Part of edX code.
XBlock is the Open edX component architecture for building courseware.
This repo contains the core code for implementing XBlocks.
Open edX courseware is built out of components that are combined hierarchically. These include components like the video player, LON-CAPA problems, as well as compound components like learning sequences. The API for these components is called XBlocks.
How does this differ from existing industry standards like Learning Tools Interoperability (LTI) and SCORM? On a high level, XBlocks is a Python language-level API, and it provides sensible defaults for things like storing data. XBlocks could be wrapped up in LTI, and one could make an LTI XBlock. The core reason to write an XBlock is that it is deployable. You can give us the code to an XBlock, and we can embed it in our courseware. LTI would require you to give us a virtual machine image which ran it.
This code runs and is tested on Python 2.7 and 3.5.
Get a local copy of this repo.
(Optional) Create and activate a virtualenv to work in.
Install the requirements and register the XBlock entry points with (you may need to sudo this if you don't use virtualenv):
$ make requirements
To run the test suite:
This will run the XBlock core and runtime unit tests, and print coverage reports.
We use two tools -
pep8 - to manage the code quality and style
of all Python files in this repo. Our goal is to maintain zero reported pylint
and pep8 violations at all times.
To run these tools on a single file:
$ pylint path/to/file.py
$ pep8 path/to/file.py
To run these tools on the whole project:
$ pylint .
$ pep8 .
We do not abide by all pylint and pep8 violations. You can check out which violations we ignore by viewing the contents of pylintrc and setup.cfg. Before making a pull request, you should ensure that your branch does not add any new quality violations by checking your code with these tools.
You can run these tests automatically before pushing code to github (and running the validation in Travis) by activating the pre-push script
cd .git/hooks ln -s ../../script/pre-push cd -
Using the XBlock-SDK
The XBlock-SDK exists in a separate repository. The SDK contains useful tools for developing your own XBlocks, such as a template XBlock generator, sample XBlocks that demonstrate XBlock functionality.
You can find it in its own repository: https://github.com/edx/xblock-sdk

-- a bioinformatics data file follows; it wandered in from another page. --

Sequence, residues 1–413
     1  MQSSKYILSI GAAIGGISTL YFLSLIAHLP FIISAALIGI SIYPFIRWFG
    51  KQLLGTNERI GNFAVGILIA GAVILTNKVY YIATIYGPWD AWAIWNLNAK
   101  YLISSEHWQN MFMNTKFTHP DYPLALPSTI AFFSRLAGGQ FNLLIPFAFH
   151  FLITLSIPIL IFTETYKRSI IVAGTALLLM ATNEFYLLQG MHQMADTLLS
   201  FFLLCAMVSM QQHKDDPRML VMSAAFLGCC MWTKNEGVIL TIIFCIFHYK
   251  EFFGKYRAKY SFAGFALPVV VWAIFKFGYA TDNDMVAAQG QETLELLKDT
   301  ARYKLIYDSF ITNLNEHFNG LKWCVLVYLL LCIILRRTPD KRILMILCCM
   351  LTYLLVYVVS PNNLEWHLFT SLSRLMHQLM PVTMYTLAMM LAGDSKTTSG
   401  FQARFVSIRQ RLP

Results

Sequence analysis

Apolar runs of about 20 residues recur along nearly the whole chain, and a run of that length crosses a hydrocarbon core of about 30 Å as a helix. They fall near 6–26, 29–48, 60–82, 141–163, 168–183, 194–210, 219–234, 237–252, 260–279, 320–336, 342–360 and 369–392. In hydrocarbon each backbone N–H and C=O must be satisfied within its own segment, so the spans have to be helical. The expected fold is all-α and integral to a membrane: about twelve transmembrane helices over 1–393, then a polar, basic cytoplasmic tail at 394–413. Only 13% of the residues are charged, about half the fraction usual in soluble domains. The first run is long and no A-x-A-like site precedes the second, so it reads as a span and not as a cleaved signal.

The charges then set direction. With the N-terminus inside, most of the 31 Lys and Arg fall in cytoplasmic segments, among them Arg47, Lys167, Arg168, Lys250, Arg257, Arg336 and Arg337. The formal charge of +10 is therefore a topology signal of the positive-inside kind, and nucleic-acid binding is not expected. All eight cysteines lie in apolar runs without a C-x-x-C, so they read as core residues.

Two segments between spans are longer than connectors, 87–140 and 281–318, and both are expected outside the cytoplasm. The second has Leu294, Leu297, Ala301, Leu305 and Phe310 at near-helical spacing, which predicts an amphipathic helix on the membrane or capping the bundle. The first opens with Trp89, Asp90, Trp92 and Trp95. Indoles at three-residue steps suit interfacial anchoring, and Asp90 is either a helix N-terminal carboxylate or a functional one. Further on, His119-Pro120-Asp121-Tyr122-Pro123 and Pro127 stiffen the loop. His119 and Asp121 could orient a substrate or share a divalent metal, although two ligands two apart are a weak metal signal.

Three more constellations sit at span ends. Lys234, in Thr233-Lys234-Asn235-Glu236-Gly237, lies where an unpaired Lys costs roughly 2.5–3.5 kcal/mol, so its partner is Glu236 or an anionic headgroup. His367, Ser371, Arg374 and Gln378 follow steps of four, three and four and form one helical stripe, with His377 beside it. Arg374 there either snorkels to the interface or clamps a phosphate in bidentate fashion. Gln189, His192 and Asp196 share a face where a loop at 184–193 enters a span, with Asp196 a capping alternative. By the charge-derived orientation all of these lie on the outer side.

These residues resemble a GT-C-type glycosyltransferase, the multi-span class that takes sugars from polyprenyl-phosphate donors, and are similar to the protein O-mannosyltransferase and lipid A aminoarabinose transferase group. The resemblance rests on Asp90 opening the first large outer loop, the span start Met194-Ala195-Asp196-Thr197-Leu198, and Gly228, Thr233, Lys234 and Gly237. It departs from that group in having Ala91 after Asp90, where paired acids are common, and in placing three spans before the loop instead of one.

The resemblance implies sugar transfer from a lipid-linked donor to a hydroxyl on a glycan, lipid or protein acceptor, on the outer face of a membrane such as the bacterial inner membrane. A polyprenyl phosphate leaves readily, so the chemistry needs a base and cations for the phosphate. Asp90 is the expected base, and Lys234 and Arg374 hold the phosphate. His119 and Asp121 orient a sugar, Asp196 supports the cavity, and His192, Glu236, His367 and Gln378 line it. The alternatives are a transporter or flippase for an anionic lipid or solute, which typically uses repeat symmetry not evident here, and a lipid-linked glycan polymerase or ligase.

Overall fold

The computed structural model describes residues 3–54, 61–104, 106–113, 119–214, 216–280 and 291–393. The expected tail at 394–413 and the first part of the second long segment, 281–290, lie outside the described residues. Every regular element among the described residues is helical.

The docs for the XBlock API is on Read The Docs: https://xblock.readthedocs.org .
Reading the code
There are distinct layers to this code. In the docstrings, we've tried to make clear which layer the code lives in, though sometimes the lines are blurred:
- XBlock The sample XBlock code. This is the most important, it is the code that most third parties will be writing, and demonstrates the XBlock interfaces.
- Runtime The runtime code that we think will be common to all runtimes. This is the behind-the-scenes code edX will write to make XBlocks work. This layer may not be real code here, but we'll need to write real code to perform these functions.
Making your own XBlock
Making an XBlock can be as simple as creating a Python class with a few specific methods.
Instructions for constructing a new XBlock along with examples can be found in the XBlock SDK: https://github.com/edx/xblock-sdk
The code in this repository is licensed the Apache 2.0 license unless otherwise noted.
LICENSE.txt for details.
How to Contribute
Contributions are very welcome. The easiest way is to fork this repo, and then make a pull request from your fork. The first time you make a pull request, you may be asked to sign a Contributor Agreement.
Please refer to our contributor guidelines in the main edx-platform repo for important additional information.
Reporting Security Issues
Please do not report security issues in public. Please email email@example.com
To package a new release:
Describe the release in CHANGELOG.rst
Update the version number in xblock/VERSION.txt.
Tag the commit to be released:
git tag v1.2.17
Push the tag and wait for Travis to upload to PyPI:
git push --tags
If you need help, you can find online resources, including discussions, at the Open edX Getting Help page.